Papurau Newydd Cymru
Chwiliwch 15 miliwn o erthyglau papurau newydd Cymru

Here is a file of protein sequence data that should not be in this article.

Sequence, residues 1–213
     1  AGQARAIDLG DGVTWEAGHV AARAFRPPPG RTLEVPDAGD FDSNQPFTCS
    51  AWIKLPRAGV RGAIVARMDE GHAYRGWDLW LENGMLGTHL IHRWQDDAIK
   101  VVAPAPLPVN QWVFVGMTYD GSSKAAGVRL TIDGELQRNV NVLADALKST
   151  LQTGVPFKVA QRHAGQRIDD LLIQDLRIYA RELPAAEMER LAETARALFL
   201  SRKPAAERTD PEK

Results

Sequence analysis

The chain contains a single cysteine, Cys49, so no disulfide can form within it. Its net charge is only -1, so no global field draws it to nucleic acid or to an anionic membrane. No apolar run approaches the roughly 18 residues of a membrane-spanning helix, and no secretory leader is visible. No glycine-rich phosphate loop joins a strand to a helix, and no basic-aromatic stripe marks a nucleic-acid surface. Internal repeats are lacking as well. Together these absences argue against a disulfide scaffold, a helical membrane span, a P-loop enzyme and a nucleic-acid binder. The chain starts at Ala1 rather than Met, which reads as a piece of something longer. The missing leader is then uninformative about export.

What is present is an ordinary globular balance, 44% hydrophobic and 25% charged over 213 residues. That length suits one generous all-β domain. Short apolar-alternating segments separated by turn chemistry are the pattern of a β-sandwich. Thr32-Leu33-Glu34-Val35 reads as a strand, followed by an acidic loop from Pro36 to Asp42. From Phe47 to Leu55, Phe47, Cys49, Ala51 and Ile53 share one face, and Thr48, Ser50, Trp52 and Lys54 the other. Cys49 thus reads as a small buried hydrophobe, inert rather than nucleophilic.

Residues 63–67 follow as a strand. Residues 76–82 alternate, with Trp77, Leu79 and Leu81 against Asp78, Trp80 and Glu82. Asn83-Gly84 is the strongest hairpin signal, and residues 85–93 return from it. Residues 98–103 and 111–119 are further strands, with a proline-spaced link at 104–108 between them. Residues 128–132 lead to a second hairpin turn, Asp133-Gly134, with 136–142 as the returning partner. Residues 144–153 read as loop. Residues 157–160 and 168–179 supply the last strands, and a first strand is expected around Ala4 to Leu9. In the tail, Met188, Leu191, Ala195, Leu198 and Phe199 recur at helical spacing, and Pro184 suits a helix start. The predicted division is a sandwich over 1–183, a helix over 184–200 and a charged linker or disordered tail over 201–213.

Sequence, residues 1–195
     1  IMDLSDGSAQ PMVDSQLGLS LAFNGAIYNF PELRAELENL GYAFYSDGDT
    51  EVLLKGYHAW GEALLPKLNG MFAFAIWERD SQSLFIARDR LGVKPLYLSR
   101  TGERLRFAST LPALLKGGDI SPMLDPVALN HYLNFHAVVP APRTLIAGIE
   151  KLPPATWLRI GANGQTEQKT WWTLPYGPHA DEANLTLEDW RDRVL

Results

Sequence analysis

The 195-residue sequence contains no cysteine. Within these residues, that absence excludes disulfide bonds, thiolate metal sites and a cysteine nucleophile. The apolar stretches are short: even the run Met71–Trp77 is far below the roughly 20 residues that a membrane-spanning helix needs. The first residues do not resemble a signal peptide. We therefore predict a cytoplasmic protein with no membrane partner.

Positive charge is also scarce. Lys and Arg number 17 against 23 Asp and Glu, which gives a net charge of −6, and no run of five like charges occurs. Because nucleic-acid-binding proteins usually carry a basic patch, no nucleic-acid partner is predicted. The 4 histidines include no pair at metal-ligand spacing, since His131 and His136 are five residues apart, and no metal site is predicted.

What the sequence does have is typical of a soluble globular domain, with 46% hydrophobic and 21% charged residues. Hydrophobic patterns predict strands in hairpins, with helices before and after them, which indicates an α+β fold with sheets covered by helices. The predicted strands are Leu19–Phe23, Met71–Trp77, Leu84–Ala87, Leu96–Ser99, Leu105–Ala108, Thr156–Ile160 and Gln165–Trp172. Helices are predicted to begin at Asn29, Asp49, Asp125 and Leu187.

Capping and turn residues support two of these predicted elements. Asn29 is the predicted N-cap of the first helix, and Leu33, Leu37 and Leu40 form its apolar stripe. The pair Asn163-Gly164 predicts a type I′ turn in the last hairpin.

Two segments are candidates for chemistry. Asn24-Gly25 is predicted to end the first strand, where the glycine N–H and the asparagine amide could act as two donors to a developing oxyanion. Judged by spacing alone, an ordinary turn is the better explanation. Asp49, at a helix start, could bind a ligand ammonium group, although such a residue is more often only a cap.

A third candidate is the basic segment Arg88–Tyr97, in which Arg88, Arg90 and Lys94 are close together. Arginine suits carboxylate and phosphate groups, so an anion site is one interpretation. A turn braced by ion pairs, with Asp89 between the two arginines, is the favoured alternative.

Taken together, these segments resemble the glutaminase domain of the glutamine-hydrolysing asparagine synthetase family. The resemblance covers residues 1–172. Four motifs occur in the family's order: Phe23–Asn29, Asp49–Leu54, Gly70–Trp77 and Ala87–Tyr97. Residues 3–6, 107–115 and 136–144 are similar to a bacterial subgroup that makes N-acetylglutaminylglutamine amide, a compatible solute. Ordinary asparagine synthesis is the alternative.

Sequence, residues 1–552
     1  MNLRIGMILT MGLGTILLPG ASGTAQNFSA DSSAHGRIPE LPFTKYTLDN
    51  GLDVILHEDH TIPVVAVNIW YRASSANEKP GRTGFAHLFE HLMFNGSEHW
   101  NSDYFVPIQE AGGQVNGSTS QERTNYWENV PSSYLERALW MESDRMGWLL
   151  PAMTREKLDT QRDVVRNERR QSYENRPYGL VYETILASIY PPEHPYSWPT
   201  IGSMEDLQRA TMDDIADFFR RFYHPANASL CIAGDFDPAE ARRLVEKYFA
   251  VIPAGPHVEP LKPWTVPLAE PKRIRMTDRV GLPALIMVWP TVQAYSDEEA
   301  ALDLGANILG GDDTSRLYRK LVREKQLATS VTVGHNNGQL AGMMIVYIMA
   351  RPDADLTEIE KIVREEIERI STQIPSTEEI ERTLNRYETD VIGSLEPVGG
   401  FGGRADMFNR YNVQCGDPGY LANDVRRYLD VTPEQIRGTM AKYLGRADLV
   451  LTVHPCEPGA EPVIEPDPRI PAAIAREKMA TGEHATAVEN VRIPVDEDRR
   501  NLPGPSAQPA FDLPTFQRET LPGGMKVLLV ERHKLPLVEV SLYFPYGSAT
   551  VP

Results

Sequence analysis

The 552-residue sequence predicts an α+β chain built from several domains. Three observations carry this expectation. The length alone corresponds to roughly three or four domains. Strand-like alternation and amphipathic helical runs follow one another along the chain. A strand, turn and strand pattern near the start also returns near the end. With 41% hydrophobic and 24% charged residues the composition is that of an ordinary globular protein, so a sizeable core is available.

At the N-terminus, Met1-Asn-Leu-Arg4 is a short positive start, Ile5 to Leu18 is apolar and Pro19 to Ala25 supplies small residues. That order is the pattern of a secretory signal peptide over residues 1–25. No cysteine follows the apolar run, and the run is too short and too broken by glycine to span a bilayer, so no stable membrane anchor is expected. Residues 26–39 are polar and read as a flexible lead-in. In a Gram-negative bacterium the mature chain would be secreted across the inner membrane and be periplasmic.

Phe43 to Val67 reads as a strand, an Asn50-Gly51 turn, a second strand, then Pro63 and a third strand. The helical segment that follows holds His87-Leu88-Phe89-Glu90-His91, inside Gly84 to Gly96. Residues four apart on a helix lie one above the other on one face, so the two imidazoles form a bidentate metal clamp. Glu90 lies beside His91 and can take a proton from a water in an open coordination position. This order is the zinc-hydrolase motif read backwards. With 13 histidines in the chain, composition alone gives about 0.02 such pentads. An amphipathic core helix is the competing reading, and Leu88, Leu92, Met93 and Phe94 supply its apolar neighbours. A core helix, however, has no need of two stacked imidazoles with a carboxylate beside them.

9 erthygl ar y dudalen hon